Kiwi brothers fronting the changing face of drifting
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Jenkins brothers looking to make their mark on the motorsport world
It was the wee hours of the morning and I was weaving around the roads which serpentine Mangere's industrial district, searching for a meeting point with two young drifters — brothers. ‘A pair of young hoons’, the misinformed might say.
Finally locating them, I noticed a long pair of skid marks that went all the way from one end of the road to the other, plus an artful doughnut around one of the roundabouts. They said it wasn't them, but didn't fail to see the irony.
Troy and Ben Jenkins are both competitive drifters in the Demon Energy D1NZ National Drifting Championship, and they find themselves in the middle of something of a war. The rise of drifting as a sport has been incredibly rapid, but it hasn't been without issues.
The sport continues to endure undeserved criticism from other racing fraternities, and simultaneously the emergence of professionalism in categories like our domestic crown has prompted purists to question whether the sport is abandoning its roots.
But it's that professionalism that has seen the brothers Jenkins and their Brian Roberts Towing crew rise to prominence.
The three of us meet at this awkward time as the team aim to Tetris all of their vital tools and Troy's immaculately presented Nissan Silvia S15 into a container for October's World Time Attack Challenge in Sydney, where Troy will compete against some of the best drifters in the world at one of the biggest race meetings in Australia.
It's nearly the end of a long road for the brothers, who along with their team of supporters have just finished rebuilding and dressing up Troy's gleaming drift car for what will be its international competition debut. Ben's S13 Silvia will follow suit over the coming weeks, before being shipped down south for the Waimate 50 street sprint.
“I'm just going to try and enjoy it,” Troy says of the invite only WTAC event.
“We're spending a swagload of money getting over there so of course I want to perform, but I also want to enjoy it at the same time — otherwise we'll get on the plane home two days later and think ‘well, that was a big blur’ and just go straight back to normality.”
It didn't take long to realise that Troy and Ben, despite their flat-peak caps and laid-back demeanor, weren't really your stereotypical drifters. As we talked further, it became clear that they more than understood the commercial side of the sport.
Like many others in the discipline, the pair's connection to cars started out innocent enough. “Dumb stuff on motorbikes” merged with an interest in drifting back when it was much less of a juggernaut, eventually blossoming into them helping out some sideways friends of theirs. Naturally they then got their own cars, and history is the rest.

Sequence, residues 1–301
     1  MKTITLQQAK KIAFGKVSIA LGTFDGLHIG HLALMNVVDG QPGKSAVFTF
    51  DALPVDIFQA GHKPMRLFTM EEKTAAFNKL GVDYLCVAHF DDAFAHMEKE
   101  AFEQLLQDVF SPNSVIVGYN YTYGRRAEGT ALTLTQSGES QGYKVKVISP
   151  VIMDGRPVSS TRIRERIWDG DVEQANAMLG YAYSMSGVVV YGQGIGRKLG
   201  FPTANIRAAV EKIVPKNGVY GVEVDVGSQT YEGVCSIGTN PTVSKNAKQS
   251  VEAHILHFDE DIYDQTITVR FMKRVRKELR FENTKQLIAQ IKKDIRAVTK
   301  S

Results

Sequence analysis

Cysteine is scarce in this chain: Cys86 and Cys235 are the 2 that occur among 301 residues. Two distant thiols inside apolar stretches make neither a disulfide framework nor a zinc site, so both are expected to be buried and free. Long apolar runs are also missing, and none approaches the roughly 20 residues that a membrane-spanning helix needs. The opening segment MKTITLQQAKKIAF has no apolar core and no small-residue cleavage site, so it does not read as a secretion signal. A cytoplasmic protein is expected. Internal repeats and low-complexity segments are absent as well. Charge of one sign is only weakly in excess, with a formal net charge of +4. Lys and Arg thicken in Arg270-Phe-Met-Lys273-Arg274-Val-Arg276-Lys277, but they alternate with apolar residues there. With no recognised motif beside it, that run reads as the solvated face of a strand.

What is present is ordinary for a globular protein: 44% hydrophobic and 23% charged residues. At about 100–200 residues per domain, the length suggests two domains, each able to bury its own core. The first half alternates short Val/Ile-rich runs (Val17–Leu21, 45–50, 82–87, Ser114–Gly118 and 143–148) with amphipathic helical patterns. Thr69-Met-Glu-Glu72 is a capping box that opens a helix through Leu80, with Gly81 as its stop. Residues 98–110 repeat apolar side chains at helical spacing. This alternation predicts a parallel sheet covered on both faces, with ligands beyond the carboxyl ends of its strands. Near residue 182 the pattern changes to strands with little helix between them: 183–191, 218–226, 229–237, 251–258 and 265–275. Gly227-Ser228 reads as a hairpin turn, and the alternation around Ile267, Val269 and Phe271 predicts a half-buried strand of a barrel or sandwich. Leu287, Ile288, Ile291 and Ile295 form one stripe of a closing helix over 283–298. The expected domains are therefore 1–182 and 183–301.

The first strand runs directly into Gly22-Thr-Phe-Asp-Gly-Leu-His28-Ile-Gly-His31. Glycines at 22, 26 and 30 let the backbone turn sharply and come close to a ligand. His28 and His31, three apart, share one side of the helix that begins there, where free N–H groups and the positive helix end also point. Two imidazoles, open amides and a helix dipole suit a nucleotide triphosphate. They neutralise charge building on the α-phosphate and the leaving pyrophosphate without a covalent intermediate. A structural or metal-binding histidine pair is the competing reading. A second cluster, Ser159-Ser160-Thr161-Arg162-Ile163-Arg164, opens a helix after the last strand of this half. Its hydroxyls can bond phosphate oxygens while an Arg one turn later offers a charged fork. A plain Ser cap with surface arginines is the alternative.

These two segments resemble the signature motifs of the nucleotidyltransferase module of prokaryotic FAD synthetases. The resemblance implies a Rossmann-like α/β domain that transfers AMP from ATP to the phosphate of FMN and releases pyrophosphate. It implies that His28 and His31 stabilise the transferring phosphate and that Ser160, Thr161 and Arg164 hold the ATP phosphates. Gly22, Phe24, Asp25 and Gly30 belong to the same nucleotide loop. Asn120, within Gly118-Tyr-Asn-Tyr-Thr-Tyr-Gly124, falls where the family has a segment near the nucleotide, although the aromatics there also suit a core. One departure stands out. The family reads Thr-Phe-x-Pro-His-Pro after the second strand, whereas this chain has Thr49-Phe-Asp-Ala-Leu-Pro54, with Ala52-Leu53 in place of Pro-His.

“Drifting was probably seen as, shall we say, a bogan sport back in the day, where it was just about skids and sinking beers,” explains Troy.
“It's changed over the years really fast, and I think it's just going to keep going. I don't think it's going to become as much of a commercialised sport as Formula Drift USA, but we're certainly getting there —we're starting to get international recognition now.”
Being brothers occasionally provides Troy and Ben with an advantage trackside over some of their competition.
“We just work off each other. One of us might have a better line or be more suited to the track, and we can come together and talk. And even though Troy's in Pro and I'm in Pro Sport, I can still help him and he helps me,” says Ben.
Ben, formerly of Giltrap Audi, expects to make the jump from the D1NZ's feeder Pro Sport category into the Pro class next year, but remains realistic about the jump despite having spent time in Australia competing for Michael Prosenik.
“I don't want to be one of those people that jumps into pro when they don't deserve it. I know I can drive, I just need to focus,” he adds.
The duo's connections to Australia help define their campaign, and the grounded and oddly old-school nature that drifting is fast becoming known for.
Look no further than the big name slapped across the side of Troy's car for a prime example of this. Their discussions with new sponsors 4.Mance Automotive kicked off towards the end of last season, after the pair opened the doors to their shed to the host of Australian competitors (and their cars) who visited the D1NZ last year for the inaugural Trans-Tasman Championship.
“Everyone's always keen to help each other. You go to a race weekend at say the V8s, everyone is working against each other and everything's hush hush. Whereas if you go to any D1 event, people are often willing to help with anything if you're in need,” says Troy.
“There's a good family attitude in the whole thing.”
Drifting may once have been considered the realm of ‘hoons,’ but change is well on its way.